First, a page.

I have been preparing for my panel discussion at SXSW to engage with my brand, agency, and developer colleagues in a discussion about the “Marketing Implications of Facebook Graph Search” (Thanks to the OMMA Social folks for recruiting me into the mix).
Facebook surprised us almost two months ago with their unveiling of the beta Graph Search. (My Social@Ogilvy colleagues wrote a great primer for Brands that you should check out.) There has been conversations about Unicorns, privacy and resulting ironic “Like” interests about the search service, but what does any of this mean to Marketers?
It means little at the moment as this is new to the consumer with limited adoption or even consumer understanding of what it is. Thus, it has the potential to be a disruptive service that will be very relevant to Marketers.
1 The Unicorn thing is a fascinating development in the technology of search. What you need to know is that Facebook engineering team has built a two part service that does a great job of searching with Natural Language Processing and a response service that has indexed social objects and graph relationships in Facebook. Facebook users in the beta engage Unicorn when they ask a question in the form of a search “Which of my friends in San Francisco have not attended SXSW” or “Who do I know that works at Disney?”
3 The irony thing is really the outcomes of the Privacy thing. The search flexibility of Unicorn and the machine learning building its knowledge of terms and jargon provide the contextual flexibility to relate questions and descriptions against engaged social objects and relationships. Simply put, this kind of search power exposes the ironic relationships between those relationships. The examples of contrasting relationships are endless and are likely the new muse for comedians and political bloggers to name a few.
With that grounding, I have described the technical platform, the fear of the user and the potential humor or embarrassment of individuals, groups or brands. Sounds like a winner? The consumer adoption of Graph Search is limited to the Beta now and it is currently solving a problem that users do not know that they have. A critical value has not yet been derived from the service as of the moment to make it a trusted or relevant source of information. I feel the potential value will come when it is available via mobile when it will offer superior decision making information about where to go, what to do next, or who to ask directly about the topic. In my view, this is the future of Facebook Nearby – the mobile discovery feature of Facebook Mobile Apps.
So what does this mean for Marketers?
Focus on these efforts while consumer adoption evolves:
1 Evaluate your “Likes.” Is your Page connecting with your customers? In your markets? Compare your subscription data or CRM records and relate that number to the Facebook “Likes” you have now; if your Facebook subscriptions are less than 20% of your email subscriptions then you have some work to realign or risk not being found. Re-evaluate Single or Multi-Page strategies to understand Graph Search ranking for key customer segments. Does the critical mass of a single Page vs dozens or more individual Pages have trade-offs? This calls for a significant strategic evaluation of social architecture.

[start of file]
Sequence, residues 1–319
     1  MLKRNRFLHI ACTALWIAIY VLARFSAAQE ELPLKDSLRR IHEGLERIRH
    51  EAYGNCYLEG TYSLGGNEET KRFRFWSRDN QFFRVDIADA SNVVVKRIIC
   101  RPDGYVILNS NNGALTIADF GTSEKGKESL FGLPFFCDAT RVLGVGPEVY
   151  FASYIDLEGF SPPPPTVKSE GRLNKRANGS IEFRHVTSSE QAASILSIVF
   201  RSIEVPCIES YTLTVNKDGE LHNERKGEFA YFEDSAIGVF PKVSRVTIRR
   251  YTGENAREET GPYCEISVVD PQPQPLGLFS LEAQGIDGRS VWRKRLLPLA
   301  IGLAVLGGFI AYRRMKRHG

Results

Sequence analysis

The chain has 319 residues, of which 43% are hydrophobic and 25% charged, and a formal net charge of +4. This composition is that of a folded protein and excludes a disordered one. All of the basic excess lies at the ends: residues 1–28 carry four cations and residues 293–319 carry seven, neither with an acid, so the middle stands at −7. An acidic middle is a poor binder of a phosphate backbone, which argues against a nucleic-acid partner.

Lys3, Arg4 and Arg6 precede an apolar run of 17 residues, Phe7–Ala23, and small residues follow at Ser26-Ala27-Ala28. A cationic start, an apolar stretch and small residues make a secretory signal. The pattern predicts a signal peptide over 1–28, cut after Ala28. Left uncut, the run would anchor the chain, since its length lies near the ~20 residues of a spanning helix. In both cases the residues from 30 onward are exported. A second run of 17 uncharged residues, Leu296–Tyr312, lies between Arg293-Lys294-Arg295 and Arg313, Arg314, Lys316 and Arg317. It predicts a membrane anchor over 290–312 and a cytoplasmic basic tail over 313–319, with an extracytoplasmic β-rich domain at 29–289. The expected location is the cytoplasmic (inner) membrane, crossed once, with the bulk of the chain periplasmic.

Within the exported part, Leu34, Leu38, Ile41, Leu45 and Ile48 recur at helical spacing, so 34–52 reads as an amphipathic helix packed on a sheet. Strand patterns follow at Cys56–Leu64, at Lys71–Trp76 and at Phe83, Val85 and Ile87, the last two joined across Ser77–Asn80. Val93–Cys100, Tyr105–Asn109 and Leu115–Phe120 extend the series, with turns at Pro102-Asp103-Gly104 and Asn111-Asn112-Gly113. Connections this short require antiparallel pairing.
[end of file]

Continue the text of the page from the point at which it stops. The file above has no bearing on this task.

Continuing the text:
2 Improve your PTAT Score. People Talking About This (PTAT) is an indication of engagement with your brand Page and in the context of Graph Search an indicator of search relevance. I feel this is the critical element to Graph Search that neutralizes big vs. small Pages with a focus on resonance.
3 Diversify your media types and other social objects. The increasingly visual design of Facebook should have evolved your strategy to include native photos and videos. Also, events, applications or Places as engagement points that offer user engagement and additional social object points.
4 Define your location strategy. Facebook Pages, Places, Place Pages can be complicated, and Graph Search exposes the lack of social architecture that many Brands have ignored. This means claiming Places, decluttering “unofficial” Places and associating Places to Brand Pages. Beyond the mechanics, your contact information and location need to be updated to ensure your Place is where your customer will walk into your business.
5 Integrate Facebook Open Graph into your digital portfolio. How are your apps, websites, and mobile strategies integrating Open Graph? Are you focused on the principles of Objects, Actions and Aggregation? These social interactions outside of Facebook on your owned properties are key areas to enrich your customer engagement with high-value social objects.